Bill calls for tougher domestic violence penalties
BOSTON (AP) — Bail for domestic battery suspects would be delayed and the penalties they face toughened under a bill introduced at the Statehouse on Tuesday that also requires judges to undergo more training around domestic violence issues.
Massachusetts House Speaker Robert DeLeo, D-Winthrop, and state Attorney General Martha Coakley, who together directed the crafting of the legislation, said it was spurred by the highly publicized case involving the son of Boston Red Sox broadcaster Jerry Remy.
Jared Remy pleaded not guilty to the stabbing death last August of his girlfriend, Jennifer Martel. Remy’s arrest came one day after he was released from custody on charges of assaulting Martel, and the case prompted questions about whether Remy’s history of domestic violence was overlooked or if he’d been treated too leniently by the criminal justice system in the past.
DeLeo said an abuser’s behavior often foreshadows horrific acts of violence.
“There are indicators. There are patterns,” he said. “As so many folks I talked to in preparing the bill said, it is preventable.”
DeLeo said the bill, which he called the most comprehensive overhaul of the state’s domestic violence laws in a generation, would be debated in the House next week.
Coakley, a Democratic candidate for governor, said that while the Remy case was emblematic, it was far more than a single case that prompted the legislative effort.
“Understanding the dynamic of power and abuse, the predatory nature particularly of serial domestic abusers, required that we do more than we have been doing,” Coakley said.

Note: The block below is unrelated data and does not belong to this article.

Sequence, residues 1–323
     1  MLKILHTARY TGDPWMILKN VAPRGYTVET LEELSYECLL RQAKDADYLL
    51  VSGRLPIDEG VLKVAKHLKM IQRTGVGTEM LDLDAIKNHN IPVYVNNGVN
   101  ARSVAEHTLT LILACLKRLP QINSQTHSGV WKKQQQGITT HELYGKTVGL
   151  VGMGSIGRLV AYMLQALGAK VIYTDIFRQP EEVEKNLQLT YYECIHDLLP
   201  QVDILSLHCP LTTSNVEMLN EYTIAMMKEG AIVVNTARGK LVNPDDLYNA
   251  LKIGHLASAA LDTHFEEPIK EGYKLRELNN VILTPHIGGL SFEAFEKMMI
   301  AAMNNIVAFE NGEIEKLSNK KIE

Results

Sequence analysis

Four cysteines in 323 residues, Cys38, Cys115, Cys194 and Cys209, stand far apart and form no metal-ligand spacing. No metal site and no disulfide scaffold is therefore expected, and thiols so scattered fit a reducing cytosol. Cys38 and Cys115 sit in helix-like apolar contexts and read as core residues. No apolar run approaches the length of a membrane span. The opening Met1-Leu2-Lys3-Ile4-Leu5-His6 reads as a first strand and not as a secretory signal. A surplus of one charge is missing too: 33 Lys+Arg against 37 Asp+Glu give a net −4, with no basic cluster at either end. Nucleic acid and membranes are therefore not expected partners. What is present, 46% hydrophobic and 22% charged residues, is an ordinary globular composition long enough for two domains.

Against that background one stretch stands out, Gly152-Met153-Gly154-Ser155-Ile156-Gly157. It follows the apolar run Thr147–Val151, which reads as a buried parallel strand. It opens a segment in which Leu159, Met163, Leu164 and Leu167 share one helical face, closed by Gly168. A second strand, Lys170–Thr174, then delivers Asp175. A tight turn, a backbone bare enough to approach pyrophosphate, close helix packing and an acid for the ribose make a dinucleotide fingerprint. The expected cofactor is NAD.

The bill would require that a battery suspect be kept in custody for at least six hours after an arrest before being released on bail, to allow time for a safety plan to be developed for the accuser. If bail is granted, it must be accompanied by a written assessment of the safety risks posed by a defendant’s release.
Judges making decisions on bail or sentencing would also have uniform access to all available information about a defendant, including prior charges and past restraining orders, under the legislation. DeLeo suggested that if judges had known more about Remy’s past record, it might have made a difference in the outcome.
The bill would require judges and other court personnel would undergo training every two years on issues surrounding domestic violence, including the availability of support services for victims.
New categories of domestic crimes, with increased penalties, would be created under the measure, including the specific crimes of strangulation and suffocation. Statistically such actions point to the probability of a homicide in the future, Coakley and DeLeo said.
Several of the state’s district attorneys came to the Statehouse to support the bill, as did representatives of organizations that advocate for abused women.
Risa Mednick, executive director of Transition House, a shelter and support service for domestic violence victims, said women often lack confidence in the ability of the system to protect them.
“Oftentimes people go it alone and that unfortunately was the case with Jennifer Martel, that she wasn’t connected to a service provider in her community,” said Mednick.
Paul Dacier, president of the Boston Bar Association, said the lawyers’ group planned to study the bill and work with lawmakers to “improve the criminal justice system’s response to domestic violence.”